Ballmer, who delivered the keynote speech at The Industry Standard's annual Internet Summit here, said the company's .Net program has about 3,500 corporate customers and may grow to as many as 7,000 clients in the next few years. However, Ballmer said, the effort isn't likely to immediately excite financial analysts or others on Wall Street.
Microsoft's .Net is a software-as-a-service strategy, which includes an ambitious services plan called HailStorm.
Microsoft is unveiling .Net in pieces and is retooling its Windows operating system and desktop applications for HailStorm, its initiative for delivering content and services to virtually any type of device, from PCs to handhelds to cell phones.
Ballmer reiterated the company's plans to turn .Net into an additional revenue stream. The Microsoft of today is built on one-time sales of computer software, but the company in the future wants to move into the more lucrative services market, turning its products--through .Net--into rentable services for business transactions and consumer commerce.
Ballmer, who requested that journalists not quote him directly, also said the company was working hard to ensure the privacy of Passport. He was vague when asked about specific controls on Passport access, simply insisting that it would be more of a convenience than risk for customers.
But Ballmer's peppy speech earned him a barrage of criticism from archrival Scott McNealy, CEO of Sun Microsystems and another featured speaker at the Internet Summit.
An outspoken Microsoft basher, McNealy insisted his Redmond, Wash.-based rival will cash in on the .Net strategy--and soon.
"I know he didn't graduate from business school but I thought Ballmer did figure out how to make money," McNealy said. Although it may allow users to compile and store personal data through Passport for free initially, McNealy said, it will eventually begin charging and generating a hefty profit for its service.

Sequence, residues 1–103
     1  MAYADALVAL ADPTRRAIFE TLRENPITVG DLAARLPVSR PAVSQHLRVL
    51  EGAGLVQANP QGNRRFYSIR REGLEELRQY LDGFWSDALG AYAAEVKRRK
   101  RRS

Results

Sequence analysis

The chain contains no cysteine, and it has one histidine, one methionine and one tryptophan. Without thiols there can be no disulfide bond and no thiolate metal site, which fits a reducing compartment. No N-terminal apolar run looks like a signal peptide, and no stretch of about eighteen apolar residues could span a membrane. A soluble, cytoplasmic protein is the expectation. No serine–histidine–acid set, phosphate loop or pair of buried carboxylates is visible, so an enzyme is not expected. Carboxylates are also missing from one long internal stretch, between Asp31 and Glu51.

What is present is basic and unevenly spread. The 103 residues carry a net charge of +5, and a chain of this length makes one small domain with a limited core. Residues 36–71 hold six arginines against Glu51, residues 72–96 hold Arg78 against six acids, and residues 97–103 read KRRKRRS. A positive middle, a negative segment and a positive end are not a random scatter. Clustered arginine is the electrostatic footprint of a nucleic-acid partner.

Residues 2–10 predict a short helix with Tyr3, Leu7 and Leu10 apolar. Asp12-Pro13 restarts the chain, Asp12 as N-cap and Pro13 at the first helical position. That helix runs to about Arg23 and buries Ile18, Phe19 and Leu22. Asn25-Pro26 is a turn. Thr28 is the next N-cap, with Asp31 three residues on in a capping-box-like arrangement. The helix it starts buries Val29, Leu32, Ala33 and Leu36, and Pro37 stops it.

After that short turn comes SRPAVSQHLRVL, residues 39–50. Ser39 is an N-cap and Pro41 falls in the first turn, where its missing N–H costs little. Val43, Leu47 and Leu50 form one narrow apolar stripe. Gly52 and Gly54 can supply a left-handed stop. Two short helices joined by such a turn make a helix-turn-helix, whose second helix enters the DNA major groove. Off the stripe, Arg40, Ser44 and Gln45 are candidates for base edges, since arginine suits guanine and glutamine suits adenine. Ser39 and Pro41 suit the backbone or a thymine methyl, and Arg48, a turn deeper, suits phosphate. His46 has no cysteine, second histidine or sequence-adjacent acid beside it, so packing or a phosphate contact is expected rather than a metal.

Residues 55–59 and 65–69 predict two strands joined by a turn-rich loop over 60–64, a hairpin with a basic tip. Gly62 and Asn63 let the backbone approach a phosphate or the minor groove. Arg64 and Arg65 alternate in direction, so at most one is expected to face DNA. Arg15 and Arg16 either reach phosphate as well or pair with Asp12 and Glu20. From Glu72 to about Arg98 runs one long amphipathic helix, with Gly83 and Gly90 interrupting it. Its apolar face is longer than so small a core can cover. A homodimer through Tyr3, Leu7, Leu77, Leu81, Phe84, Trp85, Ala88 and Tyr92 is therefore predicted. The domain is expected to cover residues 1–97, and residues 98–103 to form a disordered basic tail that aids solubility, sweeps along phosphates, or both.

"With Microsoft the first hit is always free--remember that all your life," he said to laughter. "They're going to all these different Web sites and having them become .Net Web sites. They say they're not going to make any money. For now they'll not charge you for access to your Passport environment. Maybe soon they'll charge you $50. That's $50 that they're charging from you for info that they stole from you."
To be sure, McNealy has a long tradition of knocking his larger nemesis. Sun develops a version of the Unix operating system and the iPlanet e-commerce software that competes directly with Microsoft's server software. And Sun has been trying for years to use its Java software to undermine Windows' dominance.
McNealy also questioned Microsoft's ability to provide a secure, private Passport environment for its customers' personal information. Although Microsoft says that privacy is one of the company's central concerns with Passport, critics question whether the company can create a foolproof wall that hackers cannot penetrate to steal financial or medical data.
In a characteristic ribbing, McNealy poked fun at the HailStorm moniker. He said the Windows technology is so vulnerable to attack that people are risking the theft or destruction of their personal data by using Passport.
"Ever been in a hailstorm?" he asked the audience. "I have. I'm from the Midwest. It's billions of balls of ice coming at you from every inch and there's nowhere to hide--and it destroys everything in its path."
"It's a really wonderful thing," McNealy said in a sarcastic critique of Passport, which drew chuckles and snorts from the crowd.